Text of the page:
As part of our partnership with the ANDAM Fashion Award, we met Stephanie D’heygere, founder of the accessory brand D’heygere and winner of this year Accessories Prize. We talked about giving a new life to clothes and how to find inspiration in everyday life.
After working as a designer for big companies such as Dior and Martin Margiela on their accessory lines, Stephanie D’heygere decided to create her own brand. She had been thinking of it for years and after finding the good suppliers, she finally took a leap in January 2018 with her first showroom. Her idea is simple but efficient: create original and useful pieces out of trivial elements of everyday life clothing. Results are amazing: a fanny pack made out of a shirt sleeve or a bracelet created with gloves. For Stephanie D’heygere, the design is crucial – she wants the product to be beautiful but she thinks it’s a great shame if it is not also useful. And that is at the core of her collection.
For the designer, what is at stake today is to put back value into the things we buy. In an era of fast fashion where prices are being smashed and hyper-consumption highly encouraged, there is an issue with the amount of clothing we buy. Especially when launching a new brand, D’heygere understood that consumers are buying famous labels because of their name, and so to emerge in such a crowded landscape, she knows she has to bring an added value to her products.
“What should I do with very low-price pieces of clothing? I cannot sell them because they’re not worth anything but I cannot wear them anymore because they ran out of fashion so fast. I cannot toss them either.”
According to Stephanie, one of the solutions to this problem could be upcycling i.e. transforming old materials or products that we do not use anymore. But for now, the challenge is that people who come to her showroom to order a piece expect something that is at the same time unique and very precise. As a result, it is still quite difficult to really consider upcycling if the brand does not want to deceive people. Nonetheless, the designer qualifies her current work as “fake upcycling” because instead of re-using a pre-existing product, she gives a new life to materials. That is what she is doing with her sleeve fanny pack or her bank notes or cigarettes turned into necklaces and hearings. D’heygere knows how to re-understand everyday life.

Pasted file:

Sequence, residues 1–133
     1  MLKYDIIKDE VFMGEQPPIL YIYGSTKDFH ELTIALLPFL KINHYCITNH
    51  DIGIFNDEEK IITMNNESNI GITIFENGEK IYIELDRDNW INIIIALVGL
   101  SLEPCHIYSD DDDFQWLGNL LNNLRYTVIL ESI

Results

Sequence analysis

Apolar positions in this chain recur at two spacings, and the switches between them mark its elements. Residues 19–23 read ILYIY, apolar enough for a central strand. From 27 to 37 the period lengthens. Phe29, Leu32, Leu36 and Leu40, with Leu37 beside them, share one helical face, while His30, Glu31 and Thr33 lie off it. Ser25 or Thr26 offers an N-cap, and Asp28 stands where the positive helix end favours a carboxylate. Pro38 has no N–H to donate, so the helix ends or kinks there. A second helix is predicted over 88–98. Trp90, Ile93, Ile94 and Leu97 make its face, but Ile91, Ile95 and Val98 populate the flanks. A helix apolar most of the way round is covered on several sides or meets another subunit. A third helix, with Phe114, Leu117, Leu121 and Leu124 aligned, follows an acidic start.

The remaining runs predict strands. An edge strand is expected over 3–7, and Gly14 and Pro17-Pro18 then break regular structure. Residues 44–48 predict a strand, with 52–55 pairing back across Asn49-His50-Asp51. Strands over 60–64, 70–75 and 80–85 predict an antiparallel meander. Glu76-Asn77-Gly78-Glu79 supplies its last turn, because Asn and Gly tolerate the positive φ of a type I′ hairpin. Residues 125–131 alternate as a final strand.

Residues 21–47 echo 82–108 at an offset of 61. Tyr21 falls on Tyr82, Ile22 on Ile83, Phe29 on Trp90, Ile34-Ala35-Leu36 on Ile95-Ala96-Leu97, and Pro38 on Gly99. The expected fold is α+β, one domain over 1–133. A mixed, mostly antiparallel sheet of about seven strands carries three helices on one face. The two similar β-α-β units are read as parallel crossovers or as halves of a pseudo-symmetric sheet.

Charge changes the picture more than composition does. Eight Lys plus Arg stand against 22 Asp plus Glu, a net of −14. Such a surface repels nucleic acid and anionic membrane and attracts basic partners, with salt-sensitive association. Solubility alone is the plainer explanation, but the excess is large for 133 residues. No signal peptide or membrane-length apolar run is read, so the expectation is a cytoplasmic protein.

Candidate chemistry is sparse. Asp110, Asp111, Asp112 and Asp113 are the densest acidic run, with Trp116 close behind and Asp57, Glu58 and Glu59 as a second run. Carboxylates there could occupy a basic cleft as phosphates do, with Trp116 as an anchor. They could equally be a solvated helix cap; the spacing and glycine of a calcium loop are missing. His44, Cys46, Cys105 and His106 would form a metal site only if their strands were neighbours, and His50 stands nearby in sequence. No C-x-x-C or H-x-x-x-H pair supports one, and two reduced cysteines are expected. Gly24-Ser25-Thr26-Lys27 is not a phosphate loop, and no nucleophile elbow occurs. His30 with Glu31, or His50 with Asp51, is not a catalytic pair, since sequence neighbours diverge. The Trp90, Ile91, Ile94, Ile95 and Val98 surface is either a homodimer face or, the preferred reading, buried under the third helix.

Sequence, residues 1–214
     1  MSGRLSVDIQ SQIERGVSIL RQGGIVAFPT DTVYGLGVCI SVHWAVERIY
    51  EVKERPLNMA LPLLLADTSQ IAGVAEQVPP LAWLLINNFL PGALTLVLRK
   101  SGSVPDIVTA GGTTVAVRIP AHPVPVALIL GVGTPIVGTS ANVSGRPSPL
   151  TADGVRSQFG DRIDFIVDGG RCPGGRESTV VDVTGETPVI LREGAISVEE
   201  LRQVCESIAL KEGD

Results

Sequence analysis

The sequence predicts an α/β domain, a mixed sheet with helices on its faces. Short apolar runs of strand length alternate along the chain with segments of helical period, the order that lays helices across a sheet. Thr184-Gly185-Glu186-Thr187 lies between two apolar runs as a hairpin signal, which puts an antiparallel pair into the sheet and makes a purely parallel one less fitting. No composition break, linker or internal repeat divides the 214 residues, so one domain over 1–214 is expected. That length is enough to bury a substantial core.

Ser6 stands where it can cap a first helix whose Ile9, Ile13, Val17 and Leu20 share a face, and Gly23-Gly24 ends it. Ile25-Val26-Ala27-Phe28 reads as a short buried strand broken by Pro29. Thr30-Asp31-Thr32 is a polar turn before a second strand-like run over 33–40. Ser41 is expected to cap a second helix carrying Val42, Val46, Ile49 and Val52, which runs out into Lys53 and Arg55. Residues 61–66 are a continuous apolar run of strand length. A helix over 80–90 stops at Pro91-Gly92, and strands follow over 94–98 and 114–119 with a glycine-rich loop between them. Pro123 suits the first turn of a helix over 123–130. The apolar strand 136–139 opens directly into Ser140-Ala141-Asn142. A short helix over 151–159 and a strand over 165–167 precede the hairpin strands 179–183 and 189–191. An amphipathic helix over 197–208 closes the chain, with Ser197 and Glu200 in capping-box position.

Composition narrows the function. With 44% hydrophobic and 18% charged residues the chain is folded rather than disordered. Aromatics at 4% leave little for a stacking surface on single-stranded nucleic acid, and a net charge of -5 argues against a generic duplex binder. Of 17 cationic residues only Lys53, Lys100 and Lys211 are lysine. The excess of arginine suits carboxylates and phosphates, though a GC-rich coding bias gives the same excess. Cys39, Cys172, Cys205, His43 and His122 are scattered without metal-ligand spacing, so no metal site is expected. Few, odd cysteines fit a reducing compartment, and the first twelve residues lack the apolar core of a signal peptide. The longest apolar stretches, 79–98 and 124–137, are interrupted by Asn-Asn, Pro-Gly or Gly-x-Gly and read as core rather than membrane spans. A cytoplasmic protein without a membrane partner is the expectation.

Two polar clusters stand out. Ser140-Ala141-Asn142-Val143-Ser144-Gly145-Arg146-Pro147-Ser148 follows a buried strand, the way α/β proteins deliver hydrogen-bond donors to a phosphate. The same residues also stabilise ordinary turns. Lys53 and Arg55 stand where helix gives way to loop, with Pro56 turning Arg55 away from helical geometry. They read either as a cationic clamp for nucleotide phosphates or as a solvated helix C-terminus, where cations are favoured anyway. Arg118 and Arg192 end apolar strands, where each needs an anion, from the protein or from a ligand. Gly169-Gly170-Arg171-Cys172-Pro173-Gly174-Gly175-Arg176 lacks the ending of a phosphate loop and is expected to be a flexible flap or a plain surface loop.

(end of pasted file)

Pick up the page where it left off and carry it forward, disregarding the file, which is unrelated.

Despite a very innovative vision of design, D’heygere is still considering innovation in terms of materials with caution. Even if she is aware of the necessity to invest in it, she is not sure that it is something consumers are going after.
“Like every new things, innovation in materials can be scary. Is it more expensive? Do we need more quantity? Is the client going to like it?”
She also deeply regrets the lack of information regarding new materials and their consequences. When creating a new brand, there is a real challenge is finding suppliers and factories to work with. Therefore, it is even more difficult to find people savvy enough to meet the challenges of the future. At the moment, she prefers to expand her brand before taking up new difficulties.
But Stephanie already thinks about the future of D’heygere and she will present her new collection next January. She is very grateful for what the ANDAM prize brought her, such as the mentorship with Swarovski or the entrepreneurship courses at IFM.
“It’s not only about money, it’s also about learning and being surrounded. ANDAM was the occasion to meet very interesting people and learn from them.”
She hopes she will soon cover the whole span of accessories. She is more specifically thinking about shoes and hats and she wants to emphasize her love for craftsmanship and traditional products.